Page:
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Deciding When to Start Receiving Social Security Benefits

You may be at the point in life when you need to consider when to start receiving social security retirement benefits. Of course, for some people, their financial situation demands that they receive benefits as soon as possible. Many other people, however, have the privilege of evaluating the alternatives and making the decision that is best for them.

Keep in mind that you may start receiving social security benefits at any time between age 62 and 70. For social security purposes, your full retirement age (the time you will receive your full retirement benefits)  is 66 if you were born after 1942 and before 1955, it’s age 67 if you were born after 1959, and it’s somewhere between age 66 and age 67 if you were born after 1954 and before 1960.

Before you get any type of application filing service, please consider the following issues:

  • If you retire at age 62 (or any time before your full retirement age), your retirement benefits will be permanently reduced.
  • If you retire any time after your full retirement age (up to age 70), your benefit will include a delayed retirement credit that will boost your benefits for the rest of your life.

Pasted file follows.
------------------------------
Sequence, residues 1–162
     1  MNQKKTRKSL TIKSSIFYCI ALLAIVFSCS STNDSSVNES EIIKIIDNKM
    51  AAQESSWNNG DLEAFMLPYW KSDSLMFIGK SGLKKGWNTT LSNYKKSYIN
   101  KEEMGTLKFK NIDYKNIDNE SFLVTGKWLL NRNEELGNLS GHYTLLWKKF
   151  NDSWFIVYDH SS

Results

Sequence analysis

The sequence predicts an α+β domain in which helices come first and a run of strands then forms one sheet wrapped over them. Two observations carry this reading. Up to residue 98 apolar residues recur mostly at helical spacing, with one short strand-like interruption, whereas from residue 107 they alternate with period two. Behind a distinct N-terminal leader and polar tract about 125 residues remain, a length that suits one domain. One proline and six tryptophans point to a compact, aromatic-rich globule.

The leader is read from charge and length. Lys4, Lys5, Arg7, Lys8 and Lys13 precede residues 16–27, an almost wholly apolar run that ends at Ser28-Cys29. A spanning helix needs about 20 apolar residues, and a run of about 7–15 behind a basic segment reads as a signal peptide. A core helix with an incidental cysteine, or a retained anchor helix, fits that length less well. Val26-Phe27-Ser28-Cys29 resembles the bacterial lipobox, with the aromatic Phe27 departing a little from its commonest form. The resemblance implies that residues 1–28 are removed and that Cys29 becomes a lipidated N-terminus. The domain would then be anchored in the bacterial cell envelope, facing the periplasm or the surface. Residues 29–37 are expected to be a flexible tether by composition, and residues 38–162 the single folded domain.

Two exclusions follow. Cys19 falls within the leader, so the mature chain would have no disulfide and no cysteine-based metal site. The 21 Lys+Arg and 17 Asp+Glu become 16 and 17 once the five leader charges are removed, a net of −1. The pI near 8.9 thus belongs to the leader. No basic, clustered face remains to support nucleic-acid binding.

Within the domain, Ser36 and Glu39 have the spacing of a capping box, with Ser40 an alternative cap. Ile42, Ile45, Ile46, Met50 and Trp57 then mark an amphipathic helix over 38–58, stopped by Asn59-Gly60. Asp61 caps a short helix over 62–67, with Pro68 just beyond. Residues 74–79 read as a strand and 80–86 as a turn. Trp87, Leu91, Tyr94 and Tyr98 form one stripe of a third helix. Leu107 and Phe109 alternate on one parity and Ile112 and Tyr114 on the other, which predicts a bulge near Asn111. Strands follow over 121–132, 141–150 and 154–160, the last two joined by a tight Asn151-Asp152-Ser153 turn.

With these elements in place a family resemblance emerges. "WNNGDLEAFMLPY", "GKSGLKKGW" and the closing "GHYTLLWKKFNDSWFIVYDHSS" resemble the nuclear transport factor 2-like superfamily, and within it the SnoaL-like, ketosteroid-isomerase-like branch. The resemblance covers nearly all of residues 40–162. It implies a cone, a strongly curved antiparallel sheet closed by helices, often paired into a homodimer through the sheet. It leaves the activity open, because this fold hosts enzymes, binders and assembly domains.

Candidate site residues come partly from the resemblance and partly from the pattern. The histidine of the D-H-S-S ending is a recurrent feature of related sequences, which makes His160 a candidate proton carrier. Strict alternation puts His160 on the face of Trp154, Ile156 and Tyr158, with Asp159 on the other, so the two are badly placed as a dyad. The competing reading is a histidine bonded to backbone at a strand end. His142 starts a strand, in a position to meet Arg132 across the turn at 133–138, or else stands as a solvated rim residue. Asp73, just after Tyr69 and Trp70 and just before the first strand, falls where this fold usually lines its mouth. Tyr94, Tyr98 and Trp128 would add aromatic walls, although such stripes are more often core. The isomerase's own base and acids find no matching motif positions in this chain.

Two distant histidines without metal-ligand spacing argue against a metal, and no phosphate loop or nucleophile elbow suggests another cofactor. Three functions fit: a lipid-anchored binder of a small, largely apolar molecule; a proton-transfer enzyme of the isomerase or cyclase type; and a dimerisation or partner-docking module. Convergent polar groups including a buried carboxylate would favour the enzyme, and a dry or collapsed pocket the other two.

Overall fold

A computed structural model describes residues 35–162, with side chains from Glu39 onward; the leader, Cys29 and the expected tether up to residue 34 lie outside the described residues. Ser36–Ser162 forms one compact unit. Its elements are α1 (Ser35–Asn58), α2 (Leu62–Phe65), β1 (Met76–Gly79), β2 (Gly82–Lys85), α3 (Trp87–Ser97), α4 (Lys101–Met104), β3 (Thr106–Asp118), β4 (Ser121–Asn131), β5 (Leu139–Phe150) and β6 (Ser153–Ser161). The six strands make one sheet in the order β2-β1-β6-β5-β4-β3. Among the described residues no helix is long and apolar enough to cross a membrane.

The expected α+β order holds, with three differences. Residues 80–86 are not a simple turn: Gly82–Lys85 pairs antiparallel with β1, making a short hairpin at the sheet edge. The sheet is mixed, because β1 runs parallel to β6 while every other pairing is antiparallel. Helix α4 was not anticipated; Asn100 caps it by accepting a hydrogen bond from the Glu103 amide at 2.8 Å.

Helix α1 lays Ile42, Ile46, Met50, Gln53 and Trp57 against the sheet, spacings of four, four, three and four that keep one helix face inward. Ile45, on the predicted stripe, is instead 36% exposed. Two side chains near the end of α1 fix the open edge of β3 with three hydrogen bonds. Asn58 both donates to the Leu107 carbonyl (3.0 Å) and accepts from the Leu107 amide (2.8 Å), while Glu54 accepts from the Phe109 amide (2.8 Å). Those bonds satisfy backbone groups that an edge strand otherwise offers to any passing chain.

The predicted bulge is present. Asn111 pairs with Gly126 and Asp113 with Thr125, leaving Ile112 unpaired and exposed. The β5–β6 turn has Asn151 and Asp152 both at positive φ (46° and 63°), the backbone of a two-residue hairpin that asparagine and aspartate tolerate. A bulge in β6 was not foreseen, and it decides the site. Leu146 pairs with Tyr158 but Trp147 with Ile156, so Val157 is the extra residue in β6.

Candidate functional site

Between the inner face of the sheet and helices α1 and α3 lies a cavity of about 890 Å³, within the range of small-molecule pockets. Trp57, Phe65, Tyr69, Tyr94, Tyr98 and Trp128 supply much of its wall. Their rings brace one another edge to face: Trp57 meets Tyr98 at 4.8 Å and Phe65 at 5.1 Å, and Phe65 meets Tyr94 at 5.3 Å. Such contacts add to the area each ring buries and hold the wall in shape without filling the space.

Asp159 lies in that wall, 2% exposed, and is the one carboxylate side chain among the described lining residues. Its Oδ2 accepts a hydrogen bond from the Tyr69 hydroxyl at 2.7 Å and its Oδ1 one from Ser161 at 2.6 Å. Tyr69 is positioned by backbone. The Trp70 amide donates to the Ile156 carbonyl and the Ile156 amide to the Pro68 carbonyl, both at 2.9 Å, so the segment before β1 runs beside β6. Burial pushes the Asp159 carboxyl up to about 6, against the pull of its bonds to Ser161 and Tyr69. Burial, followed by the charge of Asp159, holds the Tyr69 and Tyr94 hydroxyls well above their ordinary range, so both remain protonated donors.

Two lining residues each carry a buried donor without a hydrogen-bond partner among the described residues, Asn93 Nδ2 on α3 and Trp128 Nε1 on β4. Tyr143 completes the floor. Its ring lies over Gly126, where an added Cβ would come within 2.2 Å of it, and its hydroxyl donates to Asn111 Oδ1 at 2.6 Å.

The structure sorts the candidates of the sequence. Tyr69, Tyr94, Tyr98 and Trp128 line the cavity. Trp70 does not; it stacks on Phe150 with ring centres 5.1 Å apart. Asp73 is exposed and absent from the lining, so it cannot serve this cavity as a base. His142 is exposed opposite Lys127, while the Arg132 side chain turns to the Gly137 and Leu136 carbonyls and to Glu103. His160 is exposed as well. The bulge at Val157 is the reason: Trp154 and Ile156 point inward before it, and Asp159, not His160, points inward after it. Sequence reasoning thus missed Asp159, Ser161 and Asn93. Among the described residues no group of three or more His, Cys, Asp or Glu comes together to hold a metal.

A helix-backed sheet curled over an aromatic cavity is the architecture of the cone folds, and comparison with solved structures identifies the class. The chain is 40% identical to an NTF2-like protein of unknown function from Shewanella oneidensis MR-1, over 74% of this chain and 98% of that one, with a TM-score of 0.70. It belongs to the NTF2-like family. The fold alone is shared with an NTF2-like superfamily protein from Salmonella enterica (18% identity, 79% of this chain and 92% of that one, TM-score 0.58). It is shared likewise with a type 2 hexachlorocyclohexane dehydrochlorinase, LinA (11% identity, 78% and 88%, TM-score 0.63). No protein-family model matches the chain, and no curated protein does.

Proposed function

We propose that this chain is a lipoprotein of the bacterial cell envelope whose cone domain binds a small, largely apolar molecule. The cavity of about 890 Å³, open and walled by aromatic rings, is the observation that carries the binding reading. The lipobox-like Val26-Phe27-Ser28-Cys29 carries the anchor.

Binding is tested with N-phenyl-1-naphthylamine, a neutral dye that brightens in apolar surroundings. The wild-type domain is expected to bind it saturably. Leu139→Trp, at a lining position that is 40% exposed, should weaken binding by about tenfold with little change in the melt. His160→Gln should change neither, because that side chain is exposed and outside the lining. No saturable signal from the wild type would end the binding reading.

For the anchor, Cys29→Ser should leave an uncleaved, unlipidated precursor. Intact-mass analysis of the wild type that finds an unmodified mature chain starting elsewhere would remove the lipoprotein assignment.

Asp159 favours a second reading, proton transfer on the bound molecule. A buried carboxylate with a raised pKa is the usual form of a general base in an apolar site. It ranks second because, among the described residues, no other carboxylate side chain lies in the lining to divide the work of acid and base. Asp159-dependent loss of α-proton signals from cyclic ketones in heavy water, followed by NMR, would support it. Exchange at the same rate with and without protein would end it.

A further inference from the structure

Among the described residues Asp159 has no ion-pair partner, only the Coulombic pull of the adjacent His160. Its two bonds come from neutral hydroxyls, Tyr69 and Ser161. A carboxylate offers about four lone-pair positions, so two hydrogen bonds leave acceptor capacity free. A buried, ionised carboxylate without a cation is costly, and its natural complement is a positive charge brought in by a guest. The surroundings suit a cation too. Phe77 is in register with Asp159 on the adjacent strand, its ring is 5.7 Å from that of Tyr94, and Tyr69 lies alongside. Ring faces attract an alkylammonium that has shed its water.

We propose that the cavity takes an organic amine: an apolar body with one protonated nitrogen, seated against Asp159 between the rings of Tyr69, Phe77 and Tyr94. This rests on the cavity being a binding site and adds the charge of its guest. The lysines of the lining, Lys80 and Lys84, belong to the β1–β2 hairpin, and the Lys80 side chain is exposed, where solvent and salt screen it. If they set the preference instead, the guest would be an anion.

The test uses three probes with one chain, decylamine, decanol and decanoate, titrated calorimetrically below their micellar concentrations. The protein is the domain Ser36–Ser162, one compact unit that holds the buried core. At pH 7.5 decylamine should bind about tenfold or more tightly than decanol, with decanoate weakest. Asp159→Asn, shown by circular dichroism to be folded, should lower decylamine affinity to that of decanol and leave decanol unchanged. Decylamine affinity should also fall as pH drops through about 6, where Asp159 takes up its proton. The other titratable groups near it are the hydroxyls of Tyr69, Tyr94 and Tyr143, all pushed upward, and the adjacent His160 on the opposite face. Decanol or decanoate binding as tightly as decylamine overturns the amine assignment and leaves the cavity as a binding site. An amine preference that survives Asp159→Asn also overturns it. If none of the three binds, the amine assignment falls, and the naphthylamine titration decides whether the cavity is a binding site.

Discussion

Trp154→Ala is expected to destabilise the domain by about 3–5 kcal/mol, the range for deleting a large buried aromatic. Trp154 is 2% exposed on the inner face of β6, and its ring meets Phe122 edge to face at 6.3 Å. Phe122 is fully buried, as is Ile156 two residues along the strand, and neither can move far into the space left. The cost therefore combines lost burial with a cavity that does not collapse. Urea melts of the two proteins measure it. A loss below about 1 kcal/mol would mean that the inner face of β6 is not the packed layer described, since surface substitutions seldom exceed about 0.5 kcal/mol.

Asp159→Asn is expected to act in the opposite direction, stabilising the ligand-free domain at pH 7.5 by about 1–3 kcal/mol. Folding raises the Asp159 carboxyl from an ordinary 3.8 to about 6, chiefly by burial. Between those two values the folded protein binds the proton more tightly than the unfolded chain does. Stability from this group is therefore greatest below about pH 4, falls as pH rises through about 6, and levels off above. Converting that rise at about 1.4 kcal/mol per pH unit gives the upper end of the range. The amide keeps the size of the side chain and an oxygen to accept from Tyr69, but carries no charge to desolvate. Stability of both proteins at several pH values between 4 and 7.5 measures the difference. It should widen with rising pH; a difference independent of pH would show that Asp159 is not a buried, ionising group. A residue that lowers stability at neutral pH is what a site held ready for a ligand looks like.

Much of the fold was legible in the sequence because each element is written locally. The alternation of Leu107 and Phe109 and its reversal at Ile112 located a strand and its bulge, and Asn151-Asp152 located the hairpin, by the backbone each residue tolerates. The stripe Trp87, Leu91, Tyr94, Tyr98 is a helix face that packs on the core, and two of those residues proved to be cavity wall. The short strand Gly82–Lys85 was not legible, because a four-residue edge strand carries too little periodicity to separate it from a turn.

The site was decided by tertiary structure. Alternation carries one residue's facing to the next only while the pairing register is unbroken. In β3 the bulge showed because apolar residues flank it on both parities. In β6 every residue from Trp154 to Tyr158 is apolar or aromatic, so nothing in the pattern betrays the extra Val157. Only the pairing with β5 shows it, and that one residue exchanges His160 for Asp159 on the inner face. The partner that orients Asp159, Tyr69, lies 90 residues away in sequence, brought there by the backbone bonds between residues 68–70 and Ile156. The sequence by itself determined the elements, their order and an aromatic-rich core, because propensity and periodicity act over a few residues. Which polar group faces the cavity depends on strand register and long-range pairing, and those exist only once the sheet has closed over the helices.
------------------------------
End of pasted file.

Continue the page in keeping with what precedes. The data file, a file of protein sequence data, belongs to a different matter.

• If you retire before age 65 (when you become eligible for Medicare), you must consider the availability of health insurance benefits.
  • The longer your life expectancy (and perhaps the life expectancy of your spouse), the more you may benefit from delaying social security retirement benefits.
  • If you can replace some lower-earning years in your work history with higher earning years by continuing to work, you may be eligible for higher benefits when you do decide to retire.
  • A cash flow analysis should be done to compare the effect of continuing to earn a salary versus retiring and receiving social security benefits.
  • If you have dependent children, they may be eligible to receive benefits when you start receiving benefits.
  • Receiving social security retirement benefits may impact your other retirement plans.
  • The emotional and psychological benefits of working versus retiring.
  • The impact of receiving social security benefits on your federal income tax situation.

We stand ready to help you sort through these issues and others that pertain to your unique situation. Thoughtful planning will ensure you and your spouse receive the maximum benefits you are entitled to.

Ryan Luetkenhaus


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